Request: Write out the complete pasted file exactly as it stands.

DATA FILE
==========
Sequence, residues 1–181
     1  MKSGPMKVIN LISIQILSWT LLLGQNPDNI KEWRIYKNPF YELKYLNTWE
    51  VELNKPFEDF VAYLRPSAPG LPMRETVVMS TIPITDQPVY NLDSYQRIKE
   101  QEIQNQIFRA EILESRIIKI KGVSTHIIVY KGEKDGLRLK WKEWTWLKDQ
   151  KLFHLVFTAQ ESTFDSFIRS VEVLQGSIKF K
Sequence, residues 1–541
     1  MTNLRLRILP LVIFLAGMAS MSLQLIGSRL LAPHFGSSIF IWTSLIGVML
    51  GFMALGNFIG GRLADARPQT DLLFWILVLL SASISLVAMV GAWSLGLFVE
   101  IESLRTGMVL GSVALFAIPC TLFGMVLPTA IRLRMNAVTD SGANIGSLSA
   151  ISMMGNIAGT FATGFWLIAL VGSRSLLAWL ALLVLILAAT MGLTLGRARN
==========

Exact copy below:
Sequence, residues 1–181
     1  MKSGPMKVIN LISIQILSWT LLLGQNPDNI KEWRIYKNPF YELKYLNTWE
    51  VELNKPFEDF VAYLRPSAPG LPMRETVVMS TIPITDQPVY NLDSYQRIKE
   101  QEIQNQIFRA EILESRIIKI KGVSTHIIVY KGEKDGLRLK WKEWTWLKDQ
   151  KLFHLVFTAQ ESTFDSFIRS VEVLQGSIKF K
Sequence, residues 1–541
     1  MTNLRLRILP LVIFLAGMAS MSLQLIGSRL LAPHFGSSIF IWTSLIGVML
    51  GFMALGNFIG GRLADARPQT DLLFWILVLL SASISLVAMV GAWSLGLFVE
   101  IESLRTGMVL GSVALFAIPC TLFGMVLPTA IRLRMNAVTD SGANIGSLSA
   151  ISMMGNIAGT FATGFWLIAL VGSRSLLAWL ALLVLILAAT MGLTLGRARN